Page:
Property prices are finally on the recovery path. In fact, if you take a look at the S&P Case-Shiller 20 cities index, you'll notice that seasonality-adjusted prices were up 21% in the beginning of this year compared to its lowest point registered in January 2012. This index, which represents a diverse range of homebuyers' participation in the housing bubble, is showing a positive trend that may confirm U.S. a continued rise in property prices.
This is good news for real estate investment trusts, or REITs, which are enjoying a better pricing environment. The rationale is simple: the increasing value of their assets should boost their valuations. So, let's take a look at three companies: Macerich (NYSE:MAC), Regency Centers (NYSE:REG), and Simon Property Group (NYSE:SPG) to see how their businesses are performing.
Profiting from online shopping
Macerich, which focuses primarily on retail properties in California, Arizona, Chicago, New York, and Washington DC areas, presented mixed third-quarter results. Although it showed a 10% increase in adjusted funds from operations, or AFFO, net income dropped 15.2% to $38.1 million compared to the prior-year quarter.
Strategy-wise, the company holds malls located across the most attractive and densely populated markets in the U.S. But its high concentration of Class A malls, which perform relatively better, is what makes Macerich's rents much more stable. Macerich's leading tenants include: Gap, Skechers, and Saks, which are well-capitalized retailers, and well positioned in today's post-recession retail environment. In fact, considering that mall tenant annual sales per square foot have increased 7.4% year over year, the company should continue making solid progress.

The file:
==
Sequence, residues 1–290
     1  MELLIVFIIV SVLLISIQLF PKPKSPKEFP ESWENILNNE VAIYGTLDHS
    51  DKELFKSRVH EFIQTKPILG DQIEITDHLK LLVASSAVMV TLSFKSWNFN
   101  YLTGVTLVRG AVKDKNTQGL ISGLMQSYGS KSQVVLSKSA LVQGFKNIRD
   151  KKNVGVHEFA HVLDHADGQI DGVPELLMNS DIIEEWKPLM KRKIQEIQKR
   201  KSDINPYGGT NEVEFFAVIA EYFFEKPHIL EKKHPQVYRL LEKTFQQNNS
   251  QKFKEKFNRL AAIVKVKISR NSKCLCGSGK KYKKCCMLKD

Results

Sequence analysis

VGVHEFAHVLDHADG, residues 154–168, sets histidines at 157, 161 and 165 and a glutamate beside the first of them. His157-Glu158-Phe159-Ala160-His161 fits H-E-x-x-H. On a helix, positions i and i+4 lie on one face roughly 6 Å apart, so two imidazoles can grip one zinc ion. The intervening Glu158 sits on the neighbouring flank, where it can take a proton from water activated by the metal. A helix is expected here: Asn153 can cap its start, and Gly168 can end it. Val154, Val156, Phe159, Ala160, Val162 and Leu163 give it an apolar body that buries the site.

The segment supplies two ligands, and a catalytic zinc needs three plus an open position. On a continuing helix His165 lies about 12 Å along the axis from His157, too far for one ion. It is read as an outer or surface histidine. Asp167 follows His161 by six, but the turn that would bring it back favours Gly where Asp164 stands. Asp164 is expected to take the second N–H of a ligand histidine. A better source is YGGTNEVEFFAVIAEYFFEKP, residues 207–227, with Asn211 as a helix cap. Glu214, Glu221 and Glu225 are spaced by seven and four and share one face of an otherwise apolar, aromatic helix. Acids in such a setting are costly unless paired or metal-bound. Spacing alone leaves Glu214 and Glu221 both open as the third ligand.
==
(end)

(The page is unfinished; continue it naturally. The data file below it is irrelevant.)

Another encouraging decision that Macerich took is its recent deal with Deliv, which will allow the use of some of the company's properties as distribution centers. Essentially it will be using Deliv's technological platform to support same day deliveries. This way, Macerich can start profiting from the growth of online shopping, which is a big deal, since online shopping was reducing sales and traffic to its commercial properties.
Growing despite exposure
Regency Centers is the preeminent national shopping center in the country, and it performed well in 2013. In fact, the company made improvements throughout 2013 that led to a net Income of $129 million, compared to a net loss of $7 million in 2012.
The company's objective is to spread its footprint in high-income and high-barrier markets. In order to accomplish this, Regency is executing a long-term overall portfolio restructuring, which involves holding infill locations with high-occupancy levels.
Regency holds leading grocers such as Kroger and Publix as tenants, which reduces volatility to its portfolio and mitigates operating risks. The company generally enters into long-term leases, protecting it from market corrections. This strategy has allowed Regency to surpass its peers in terms of shareholder value growth and compounding total shareholder returns. However, 48% of its assets are located in California, Florida, and Texas, which exposes Regency to market saturation.
Finally, there's Simon Property Group, a REIT with assets in almost all retail distribution channels. Driven by revenue and occupancy gains, the company posted strong results for its fourth quarter. For the whole year, Simon's funds from operations grew 10.9% to $3 billion -- an impressive level of growth.
Compared to Regency, Simon Property has a higher international presence, which gives it more long-term sustainable growth prospects. By having an ownership stake in Klepierre, it is becoming easier for the company to expand its global footprint, accessing the high barrier-to-entry European markets. In the third quarter, Simon Property completed the acquisition of its interest in McArthurGlen's European designer outlet business, allowing its international business to contribute 7.9% of the company's net operating income.
Regarding Macerich, the location and type of assets that it holds makes it an interesting investment. Plus, its deal with Deliv will add a larger customer base and help the company profit from online shopping, reversing a clear trend that affects REITs' overall business.
Regency remains well-positioned, and its relative geographic concentration and tenant base has worked well. However, a higher diversification of assets could reduce its exposure to a new property market price correction.
Both product and geographic diversification are Simon Property's biggest characteristics, which provide better insulation against market volatility, and help it achieve a consistent performance. Ultimately, this company should capitalize from improving market dynamics, as it did during 2013.